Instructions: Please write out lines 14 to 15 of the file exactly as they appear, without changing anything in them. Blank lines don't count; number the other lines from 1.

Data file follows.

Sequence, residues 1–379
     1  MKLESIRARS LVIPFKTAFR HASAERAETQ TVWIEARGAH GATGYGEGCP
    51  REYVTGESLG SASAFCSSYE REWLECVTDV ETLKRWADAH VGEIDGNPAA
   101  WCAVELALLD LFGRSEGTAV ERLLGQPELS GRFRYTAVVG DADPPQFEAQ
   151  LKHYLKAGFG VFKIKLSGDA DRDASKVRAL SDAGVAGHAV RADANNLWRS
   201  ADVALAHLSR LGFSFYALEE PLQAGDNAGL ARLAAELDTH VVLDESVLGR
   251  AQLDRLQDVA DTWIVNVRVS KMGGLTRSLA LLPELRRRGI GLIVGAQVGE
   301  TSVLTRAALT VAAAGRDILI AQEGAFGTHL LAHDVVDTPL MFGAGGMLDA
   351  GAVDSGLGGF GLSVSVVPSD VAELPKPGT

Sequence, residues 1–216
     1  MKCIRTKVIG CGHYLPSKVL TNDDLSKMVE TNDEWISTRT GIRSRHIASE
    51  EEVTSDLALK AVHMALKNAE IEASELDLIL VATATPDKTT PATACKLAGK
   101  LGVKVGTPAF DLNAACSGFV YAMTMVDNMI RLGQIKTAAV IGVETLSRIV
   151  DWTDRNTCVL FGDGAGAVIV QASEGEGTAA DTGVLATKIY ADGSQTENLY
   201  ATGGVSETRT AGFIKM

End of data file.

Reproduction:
   151  DWTDRNTCVL FGDGAGAVIV QASEGEGTAA DTGVLATKIY ADGSQTENLY
   201  ATGGVSETRT AGFIKM